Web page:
[time-nuts] [OT] degaussing

Arnold Tibus Arnold.Tibus at gmx.de
Sat Apr 17 08:04:41 EDT 2010

The dotpitch of Trinitron and Diamondtron tubes (Mitsubishi) 
is at 1/100 inch (0.24 mm to 0.27 mm), which defines the distance 
of these shadow wires. What tube width do you have?  ;-)
The wires are very sensitive to vibrations which makes the horizontal 
stabilizing wires necessary (in most cases 2, max. 3). These are visible 
with a bright and uniform picture. 

All such tubes are equipped with a degaussing system 
(electromagnetic coil in a black hose) which are normally activated 
always when switching the monitor/ TV on. There is normally no 
forther degaussing needed.

One can apply stronger magnetic fields from the front side by using 
cannibalized coils in parallel with an adequate 50/ 60 Hz system 
stepping the field continuously down. Attention, strong dc H- fields 
may result in sticking some wires together, which may be very 
difficult to get it corrected! 

The small magnets on the back of the tube are necessary to 
linearize the dynamic field of the deflecting coil and to compensate 
other small steady magnetic distortions around the tube. 
There are some more magnets on the neck of the tube for 
convergence and beam forming.

A long and distracting work to to when you had to replace the tube
or coils and then to adjust for white and clean colors and sharp
Older systems needed an earth field compensation in situ.

(Don't try it when you are not experienced with it, you will turn crazy - 
and the professional serviceman later will as well!)


On Fri, 16 Apr 2010 21:05:31 EDT, SAIDJACK at aol.com wrote:

>point of trivia:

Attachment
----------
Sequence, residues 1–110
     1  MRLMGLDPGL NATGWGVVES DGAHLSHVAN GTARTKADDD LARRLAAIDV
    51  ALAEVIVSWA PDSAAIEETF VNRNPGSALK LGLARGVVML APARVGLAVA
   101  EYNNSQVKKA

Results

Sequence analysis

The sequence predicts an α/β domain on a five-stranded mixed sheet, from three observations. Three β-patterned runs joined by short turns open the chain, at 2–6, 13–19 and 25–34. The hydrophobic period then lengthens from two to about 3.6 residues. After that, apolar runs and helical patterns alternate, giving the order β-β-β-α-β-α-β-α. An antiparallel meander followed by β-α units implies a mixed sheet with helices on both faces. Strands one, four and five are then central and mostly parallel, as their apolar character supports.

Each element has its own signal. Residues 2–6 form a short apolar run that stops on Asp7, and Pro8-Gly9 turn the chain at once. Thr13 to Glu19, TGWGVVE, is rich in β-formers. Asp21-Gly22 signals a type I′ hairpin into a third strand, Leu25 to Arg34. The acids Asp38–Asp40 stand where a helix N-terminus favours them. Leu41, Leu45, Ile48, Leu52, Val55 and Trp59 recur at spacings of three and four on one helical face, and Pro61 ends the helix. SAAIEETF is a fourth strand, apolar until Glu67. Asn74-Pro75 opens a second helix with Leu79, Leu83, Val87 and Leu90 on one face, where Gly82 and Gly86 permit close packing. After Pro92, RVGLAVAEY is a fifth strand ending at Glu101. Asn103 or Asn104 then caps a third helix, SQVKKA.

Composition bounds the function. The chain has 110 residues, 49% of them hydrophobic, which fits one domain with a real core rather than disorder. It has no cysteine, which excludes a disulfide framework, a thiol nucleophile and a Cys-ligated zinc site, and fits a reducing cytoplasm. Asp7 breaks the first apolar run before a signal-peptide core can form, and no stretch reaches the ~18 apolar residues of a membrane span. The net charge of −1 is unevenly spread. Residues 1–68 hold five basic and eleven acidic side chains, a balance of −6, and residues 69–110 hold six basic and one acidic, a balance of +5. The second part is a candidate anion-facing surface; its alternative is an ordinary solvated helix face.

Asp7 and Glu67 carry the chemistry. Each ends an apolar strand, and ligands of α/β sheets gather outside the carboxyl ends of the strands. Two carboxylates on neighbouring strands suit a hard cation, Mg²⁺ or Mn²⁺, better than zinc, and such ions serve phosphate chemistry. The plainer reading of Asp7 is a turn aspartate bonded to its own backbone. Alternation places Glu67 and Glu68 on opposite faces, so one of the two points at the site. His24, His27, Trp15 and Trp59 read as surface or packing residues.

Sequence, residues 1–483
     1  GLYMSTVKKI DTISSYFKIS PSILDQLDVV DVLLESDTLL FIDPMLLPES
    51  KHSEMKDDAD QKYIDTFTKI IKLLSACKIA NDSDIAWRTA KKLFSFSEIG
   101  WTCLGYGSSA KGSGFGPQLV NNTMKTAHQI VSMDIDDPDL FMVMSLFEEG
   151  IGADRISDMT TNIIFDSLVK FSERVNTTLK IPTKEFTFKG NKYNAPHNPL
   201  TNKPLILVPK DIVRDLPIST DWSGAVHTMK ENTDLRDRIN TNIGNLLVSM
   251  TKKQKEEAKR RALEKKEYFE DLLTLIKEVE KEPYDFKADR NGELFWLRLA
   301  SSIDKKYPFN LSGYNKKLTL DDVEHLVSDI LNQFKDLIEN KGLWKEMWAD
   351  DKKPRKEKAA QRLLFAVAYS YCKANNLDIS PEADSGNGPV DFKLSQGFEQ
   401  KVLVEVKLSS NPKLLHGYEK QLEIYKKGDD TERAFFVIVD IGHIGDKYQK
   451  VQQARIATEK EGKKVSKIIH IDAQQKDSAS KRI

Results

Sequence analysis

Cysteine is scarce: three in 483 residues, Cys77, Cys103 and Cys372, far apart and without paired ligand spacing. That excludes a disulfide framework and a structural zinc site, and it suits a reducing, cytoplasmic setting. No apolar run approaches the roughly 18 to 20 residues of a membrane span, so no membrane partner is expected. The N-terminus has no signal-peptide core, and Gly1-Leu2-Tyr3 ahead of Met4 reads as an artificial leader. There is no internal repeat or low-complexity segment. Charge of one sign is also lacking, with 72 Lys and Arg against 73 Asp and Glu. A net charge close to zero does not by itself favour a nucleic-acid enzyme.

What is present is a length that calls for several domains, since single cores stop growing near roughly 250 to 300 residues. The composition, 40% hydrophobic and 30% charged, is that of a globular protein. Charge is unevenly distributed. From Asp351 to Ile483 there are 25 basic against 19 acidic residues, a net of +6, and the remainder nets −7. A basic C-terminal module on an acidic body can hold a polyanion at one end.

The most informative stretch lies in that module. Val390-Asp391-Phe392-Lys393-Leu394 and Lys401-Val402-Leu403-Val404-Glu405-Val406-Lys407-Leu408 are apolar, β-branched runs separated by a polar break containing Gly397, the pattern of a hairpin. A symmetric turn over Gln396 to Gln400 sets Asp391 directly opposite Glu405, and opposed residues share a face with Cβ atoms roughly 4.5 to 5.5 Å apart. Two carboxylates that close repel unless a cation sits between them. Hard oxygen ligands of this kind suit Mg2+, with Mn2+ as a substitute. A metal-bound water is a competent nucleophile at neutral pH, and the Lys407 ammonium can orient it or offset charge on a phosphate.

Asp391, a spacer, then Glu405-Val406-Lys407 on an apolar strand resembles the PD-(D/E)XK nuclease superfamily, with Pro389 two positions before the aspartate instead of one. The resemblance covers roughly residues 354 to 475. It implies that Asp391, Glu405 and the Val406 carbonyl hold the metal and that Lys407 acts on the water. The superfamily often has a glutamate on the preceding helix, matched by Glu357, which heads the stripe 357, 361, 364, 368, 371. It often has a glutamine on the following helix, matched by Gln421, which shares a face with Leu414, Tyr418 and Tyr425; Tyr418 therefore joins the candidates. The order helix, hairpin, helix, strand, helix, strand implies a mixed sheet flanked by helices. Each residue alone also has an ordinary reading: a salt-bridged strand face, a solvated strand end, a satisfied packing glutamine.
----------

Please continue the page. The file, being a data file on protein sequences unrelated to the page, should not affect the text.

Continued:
>can you count how many vertical wires are strung across a Trinitron  
>monitors' shadow mask??
>I used to work at Sony for a long time, we had a TV assembly line next door 
> :)
>If you can see the vertical wires, you still have very good  eyesight...
>In a message dated 4/16/2010 04:55:35 Pacific Daylight Time,  
>cfharris at erols.com writes:

>Are they  really?  For some reason, every Trinitron I have ever seen
>has  clusters of little stick on magnets placed here and there on the
>back of  the glass envelope.

>The trinitron has a shadowmask.  It is a grill  of highly tensioned wires
>that are positioned just behind the screen.   The original trinitron tube
>was a little 5 inch diagonal CRT.  It had  to be small because the wires
>tended to vibrate if the set was bumped, and  that made for some very odd
>displays.  The later larger tubes had  horizontal titanium wires welded to
>the backs of the shadow mask wires  every 5 or 10 inches, to prevent the
>psychedelic color fest that happened  when the CRT got bumped.

>The trinitron has three very carefully aligned  cathodes in the gun.  They
>are positioned side-by-side, creating the  slight different projection
>angles necessary to cause the long vertical  slots formed by the shadow mask
>to eclipse the appropriate color bands on  the screen.

>I'm not sure what you are describing; it sure sounds cool;  but it isn't
>a trinitron.

>Can you find some references?  I'd  like to read up on it.

>-Chuck  Harris

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